Brain Symmetry

It is arguable that it is possible to reveal, in literature as in science, that symmetry exists between human brains. Though no two human brains are alike, where there is symmetry between interests, common circumstances or experiences, and genetic data, there is also brain symmetry. The effect between characters in a drama of this phenomenon— brain symmetry— is an interesting one, because, like William Wordsworth finding interest in “similitude in dissimilitude” generally, why two brains that have symmetrical properties might make for greater intimacy but also greater antagonism is an interesting question. For Inter-Dialogism— the jumping of consciousness into other consciousness and out again— the individual who makes the Inter-Dialogic leap, if it is into a brain which shares some symmetrical proportions, may then experience extreme euphoria or extreme discomfort, but the reaction is likely to be much more drastic, intense, and compelling then if the leap was into a brain entirely Other. Brain symmetry syndrome manifests in Elegy 414:

And out of this nexus, O sacred
scribe, came absolutely no one.
I don’t know what you expected
to find here. This warm, safe,
comforting suburb has a smother
button by which souls are unraveled.
Who would know better than you?
Even if you’re only in the back of
your mind asphyxiating. He looked
out the window— cars dashed by
on Limekiln Pike. What is it, he said,
are you dead or do you think you’re Shakespeare?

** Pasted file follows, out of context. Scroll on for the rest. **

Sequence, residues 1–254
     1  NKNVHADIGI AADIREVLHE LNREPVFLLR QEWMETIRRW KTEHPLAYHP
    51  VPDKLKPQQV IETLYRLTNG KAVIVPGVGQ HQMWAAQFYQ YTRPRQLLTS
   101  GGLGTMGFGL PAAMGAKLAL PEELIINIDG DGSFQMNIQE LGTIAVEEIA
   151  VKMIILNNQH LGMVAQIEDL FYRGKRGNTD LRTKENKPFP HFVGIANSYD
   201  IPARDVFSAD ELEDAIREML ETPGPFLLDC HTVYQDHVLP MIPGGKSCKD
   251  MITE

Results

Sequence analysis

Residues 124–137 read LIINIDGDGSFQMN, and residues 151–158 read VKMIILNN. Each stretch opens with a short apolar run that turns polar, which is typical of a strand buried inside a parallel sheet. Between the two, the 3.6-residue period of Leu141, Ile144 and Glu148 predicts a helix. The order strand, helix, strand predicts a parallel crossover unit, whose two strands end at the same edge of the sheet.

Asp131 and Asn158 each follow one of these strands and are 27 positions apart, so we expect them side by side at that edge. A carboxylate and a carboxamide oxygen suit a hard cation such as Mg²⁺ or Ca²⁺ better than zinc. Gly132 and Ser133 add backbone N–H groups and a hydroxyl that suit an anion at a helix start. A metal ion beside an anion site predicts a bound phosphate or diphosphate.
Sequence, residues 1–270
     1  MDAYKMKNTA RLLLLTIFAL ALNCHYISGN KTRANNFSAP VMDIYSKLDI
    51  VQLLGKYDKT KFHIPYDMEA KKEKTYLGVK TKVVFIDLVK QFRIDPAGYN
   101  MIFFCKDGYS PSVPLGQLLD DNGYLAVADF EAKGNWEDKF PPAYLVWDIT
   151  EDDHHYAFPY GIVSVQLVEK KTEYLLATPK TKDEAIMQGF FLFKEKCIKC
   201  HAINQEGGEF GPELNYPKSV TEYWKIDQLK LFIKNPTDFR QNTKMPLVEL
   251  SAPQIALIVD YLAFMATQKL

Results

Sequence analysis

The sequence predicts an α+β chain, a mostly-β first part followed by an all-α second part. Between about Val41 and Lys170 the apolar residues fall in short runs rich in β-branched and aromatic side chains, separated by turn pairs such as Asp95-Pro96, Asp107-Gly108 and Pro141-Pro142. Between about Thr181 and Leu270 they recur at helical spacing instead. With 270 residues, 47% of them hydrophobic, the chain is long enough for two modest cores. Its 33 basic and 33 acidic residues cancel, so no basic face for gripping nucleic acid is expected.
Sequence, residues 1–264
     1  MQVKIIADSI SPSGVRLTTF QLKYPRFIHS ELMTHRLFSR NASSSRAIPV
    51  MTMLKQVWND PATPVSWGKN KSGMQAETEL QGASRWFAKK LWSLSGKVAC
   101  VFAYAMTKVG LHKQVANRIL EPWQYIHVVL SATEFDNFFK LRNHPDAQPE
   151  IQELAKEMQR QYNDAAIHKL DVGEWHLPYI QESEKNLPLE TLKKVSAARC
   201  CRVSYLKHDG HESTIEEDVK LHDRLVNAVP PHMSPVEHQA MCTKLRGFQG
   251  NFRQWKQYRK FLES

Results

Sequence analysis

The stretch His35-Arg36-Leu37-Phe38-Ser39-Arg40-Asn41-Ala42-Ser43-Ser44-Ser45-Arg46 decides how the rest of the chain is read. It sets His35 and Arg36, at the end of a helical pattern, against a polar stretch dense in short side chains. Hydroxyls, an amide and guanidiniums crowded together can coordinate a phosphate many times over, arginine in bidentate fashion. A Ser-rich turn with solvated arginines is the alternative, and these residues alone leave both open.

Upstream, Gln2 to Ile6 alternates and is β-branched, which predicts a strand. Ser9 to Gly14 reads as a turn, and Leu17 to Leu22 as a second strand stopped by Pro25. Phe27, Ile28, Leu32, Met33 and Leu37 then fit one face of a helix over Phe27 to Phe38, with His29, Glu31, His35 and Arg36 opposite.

The Inter-Dialogic energy here is all over the map— this Antagonist is so close to the Elegiac Protagonist, on so many levels, and yet so distant on others, that we can feel both his despair and irritation. Troubled brotherhood again. The 414 Antagonist is also, we can intuit, someone who might have developed into a writer or artist, but has been held back by circumstances which did not plague the Elegiac Protagonist. Yet, neither he nor the Elegiac Protagonist may know or realize why this may be the case. We find ourselves, as readers, awash in ambiguities— why is intimacy so frustrating, both in its ability to enlighten and its ability to tantalize, between two characters? When a character finds him or herself jumping in and out of another’s consciousness, and then repelled out again, and yet so close (possibly) to revealing the entire truth about the character in question, the dramatic tension, scintillating to watch if “scribed” in the right way, also demonstrates why closeness and intimacy can be so frustrating among the human races. The partial— partial revelations, partial knowledge— is a tease. In 414, the Antagonist is so entirely teased by the Elegiac Protagonist that he attempts every semantic trick in the book to get the visceral reaction he wants— he flatters, insults, cajoles, levels with, laments, compliments sideways and backwards, all with the sense that he is talking with another, more successful, version of himself, which is its own torture chamber for him. Because, as the scene is lit, we never see the Elegiac Protagonist’s reaction, all we know is that he does not feel it is important to interject. He wants the camera to remain closely focused on his Antagonist, knowing (as we know) that this is someone not that different from him, who has been forced to say “I” and not mean it. The Antagonist is articulate and has some depth and some honesty consonance to him. He may or may not also have literary talent. But the lighting effects want his voice to be heard alone in 414. Not just that— by lighting him alone and his rap, we can see how the Inter-Dialogic energy is working from him into the Elegiac Protagonist and back out again, including what in the Protagonist might be repelling him away, without the reciprocating energy from the Protagonist into and out of him being visible as well. That is how the levels of ambiguity frame the drama of 414. It is for the reader to reject closure and figure out some of those dynamics if there is any symmetry between their brain and the poet’s.